A digital solution for lost house keys has been revealed at the CES tech show.
KeyHero will scan and upload a precise image of a key to the cloud for free, but it can only be accessed in one of the firm’s partner stores.
This image is encrypted and linked to a phone number or email, rather than a home address.
If a key is lost, its image can be then recalled via a mobile phone app and recreated in a shop, instead of calling out a locksmith.
The firm’s current store partners include Home Depot, a DIY chain in the US.
All keys have to be scanned in-store to generate the original image.
To add an extra layer of security – if a physical key is required, the store staff have to generate a unique seven-digit code to put into the app before the image is unlocked for key cutting.
The image can also be shared with anybody who requires access to the property, such as property managers or house sitters, although they will need to show formal identification in order to collect a new key.
The company says most “key events” involve people locking themselves out of their home, rather than losing their keys.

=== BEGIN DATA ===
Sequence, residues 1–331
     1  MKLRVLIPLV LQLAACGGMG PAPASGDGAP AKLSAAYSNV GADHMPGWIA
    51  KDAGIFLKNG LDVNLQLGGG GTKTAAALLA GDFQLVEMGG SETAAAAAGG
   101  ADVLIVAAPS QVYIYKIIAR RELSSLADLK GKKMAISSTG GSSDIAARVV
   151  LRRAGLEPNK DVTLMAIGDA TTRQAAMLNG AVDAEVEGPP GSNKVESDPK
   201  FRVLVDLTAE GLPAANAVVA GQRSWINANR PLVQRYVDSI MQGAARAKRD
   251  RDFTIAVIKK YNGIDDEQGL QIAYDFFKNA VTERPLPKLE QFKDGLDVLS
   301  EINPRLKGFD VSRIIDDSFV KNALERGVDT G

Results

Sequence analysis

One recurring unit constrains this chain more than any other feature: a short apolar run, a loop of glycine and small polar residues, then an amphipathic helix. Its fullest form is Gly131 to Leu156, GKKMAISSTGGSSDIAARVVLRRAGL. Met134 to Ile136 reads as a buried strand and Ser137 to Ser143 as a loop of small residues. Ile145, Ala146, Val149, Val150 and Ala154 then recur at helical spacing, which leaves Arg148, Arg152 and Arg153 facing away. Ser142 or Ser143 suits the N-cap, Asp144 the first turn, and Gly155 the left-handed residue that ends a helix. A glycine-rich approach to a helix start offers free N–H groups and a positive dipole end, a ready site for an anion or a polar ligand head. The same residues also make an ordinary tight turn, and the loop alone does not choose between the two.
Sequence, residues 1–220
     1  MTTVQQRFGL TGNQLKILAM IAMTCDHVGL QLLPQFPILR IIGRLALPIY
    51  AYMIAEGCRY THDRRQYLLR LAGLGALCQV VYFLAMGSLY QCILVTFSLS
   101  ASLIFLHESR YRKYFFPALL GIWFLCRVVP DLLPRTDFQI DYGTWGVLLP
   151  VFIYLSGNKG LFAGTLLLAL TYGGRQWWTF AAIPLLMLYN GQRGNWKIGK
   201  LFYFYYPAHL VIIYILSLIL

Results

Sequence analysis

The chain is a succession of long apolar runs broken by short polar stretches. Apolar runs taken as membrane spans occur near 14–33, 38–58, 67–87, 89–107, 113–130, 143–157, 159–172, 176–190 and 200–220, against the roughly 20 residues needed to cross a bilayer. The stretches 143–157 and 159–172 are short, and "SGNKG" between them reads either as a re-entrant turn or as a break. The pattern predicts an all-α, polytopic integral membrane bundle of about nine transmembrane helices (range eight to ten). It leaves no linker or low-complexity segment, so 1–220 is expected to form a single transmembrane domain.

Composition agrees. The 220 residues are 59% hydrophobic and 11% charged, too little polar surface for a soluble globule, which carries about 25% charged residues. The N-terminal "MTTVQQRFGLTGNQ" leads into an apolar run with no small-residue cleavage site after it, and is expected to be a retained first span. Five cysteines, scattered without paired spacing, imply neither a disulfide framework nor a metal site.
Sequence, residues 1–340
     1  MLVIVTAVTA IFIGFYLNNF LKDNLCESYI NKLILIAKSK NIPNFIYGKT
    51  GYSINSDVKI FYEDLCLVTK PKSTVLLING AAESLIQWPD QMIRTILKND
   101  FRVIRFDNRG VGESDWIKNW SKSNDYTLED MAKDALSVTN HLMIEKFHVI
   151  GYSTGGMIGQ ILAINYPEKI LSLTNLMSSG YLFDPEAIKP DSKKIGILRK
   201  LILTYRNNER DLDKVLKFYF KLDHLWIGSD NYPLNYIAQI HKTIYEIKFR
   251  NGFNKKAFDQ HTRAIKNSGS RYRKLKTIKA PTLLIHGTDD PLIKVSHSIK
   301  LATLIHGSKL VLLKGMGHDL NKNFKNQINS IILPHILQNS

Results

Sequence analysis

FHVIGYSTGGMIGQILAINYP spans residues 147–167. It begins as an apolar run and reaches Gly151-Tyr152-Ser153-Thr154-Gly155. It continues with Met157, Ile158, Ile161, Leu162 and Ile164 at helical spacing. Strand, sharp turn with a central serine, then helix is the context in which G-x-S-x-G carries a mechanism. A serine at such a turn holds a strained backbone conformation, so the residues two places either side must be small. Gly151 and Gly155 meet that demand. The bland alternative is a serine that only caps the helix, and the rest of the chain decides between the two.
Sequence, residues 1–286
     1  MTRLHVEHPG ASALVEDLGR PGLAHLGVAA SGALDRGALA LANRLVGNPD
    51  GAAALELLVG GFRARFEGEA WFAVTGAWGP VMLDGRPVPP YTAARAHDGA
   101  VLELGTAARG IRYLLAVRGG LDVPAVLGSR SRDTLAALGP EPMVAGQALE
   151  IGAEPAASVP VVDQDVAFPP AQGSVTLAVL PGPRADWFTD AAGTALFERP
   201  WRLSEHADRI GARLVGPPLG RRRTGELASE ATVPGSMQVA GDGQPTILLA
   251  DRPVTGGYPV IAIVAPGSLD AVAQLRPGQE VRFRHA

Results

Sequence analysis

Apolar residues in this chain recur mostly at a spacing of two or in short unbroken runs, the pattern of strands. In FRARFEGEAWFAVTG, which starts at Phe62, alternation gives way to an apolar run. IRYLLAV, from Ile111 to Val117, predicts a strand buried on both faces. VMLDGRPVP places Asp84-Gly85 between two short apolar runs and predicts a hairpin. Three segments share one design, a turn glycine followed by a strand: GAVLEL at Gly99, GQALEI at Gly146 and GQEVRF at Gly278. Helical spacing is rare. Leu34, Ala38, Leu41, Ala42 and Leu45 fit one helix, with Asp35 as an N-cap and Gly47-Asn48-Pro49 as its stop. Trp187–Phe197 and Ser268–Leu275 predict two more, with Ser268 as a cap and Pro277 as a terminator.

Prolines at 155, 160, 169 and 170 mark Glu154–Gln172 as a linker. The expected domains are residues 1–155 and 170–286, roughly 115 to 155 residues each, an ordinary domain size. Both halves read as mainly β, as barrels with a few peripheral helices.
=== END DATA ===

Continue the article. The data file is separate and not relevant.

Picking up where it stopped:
Despite the move into a more high-tech solution, KeyHero does not see traditional keys going away any time soon.
“If you look at digital locks, most of those locks still use keys as a back-up,” Michael Rosenblatt, vice-president of product development, says.
‘We copy about 150 million keys a year, which is an indication that a lot of people use keys.’
The KeyHero service will be available in the US.
A digital solution for lost house keys has been revealed at the CES tech show. KeyHero will scan and upload a precise image of a key to the cloud for free, but it can only be accessed in one of the firm’s partner stores.